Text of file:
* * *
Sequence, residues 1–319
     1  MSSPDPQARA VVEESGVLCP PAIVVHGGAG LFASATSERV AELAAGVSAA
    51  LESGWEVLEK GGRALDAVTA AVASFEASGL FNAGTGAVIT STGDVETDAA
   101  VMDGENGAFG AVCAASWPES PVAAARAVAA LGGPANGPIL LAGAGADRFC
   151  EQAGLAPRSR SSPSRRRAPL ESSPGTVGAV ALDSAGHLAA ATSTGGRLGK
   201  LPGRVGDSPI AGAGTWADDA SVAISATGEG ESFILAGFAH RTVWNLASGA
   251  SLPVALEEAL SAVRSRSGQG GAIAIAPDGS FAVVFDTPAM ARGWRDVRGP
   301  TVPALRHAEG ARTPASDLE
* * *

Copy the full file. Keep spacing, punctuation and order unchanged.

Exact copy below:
Sequence, residues 1–319
     1  MSSPDPQARA VVEESGVLCP PAIVVHGGAG LFASATSERV AELAAGVSAA
    51  LESGWEVLEK GGRALDAVTA AVASFEASGL FNAGTGAVIT STGDVETDAA
   101  VMDGENGAFG AVCAASWPES PVAAARAVAA LGGPANGPIL LAGAGADRFC
   151  EQAGLAPRSR SSPSRRRAPL ESSPGTVGAV ALDSAGHLAA ATSTGGRLGK
   201  LPGRVGDSPI AGAGTWADDA SVAISATGEG ESFILAGFAH RTVWNLASGA
   251  SLPVALEEAL SAVRSRSGQG GAIAIAPDGS FAVVFDTPAM ARGWRDVRGP
   301  TVPALRHAEG ARTPASDLE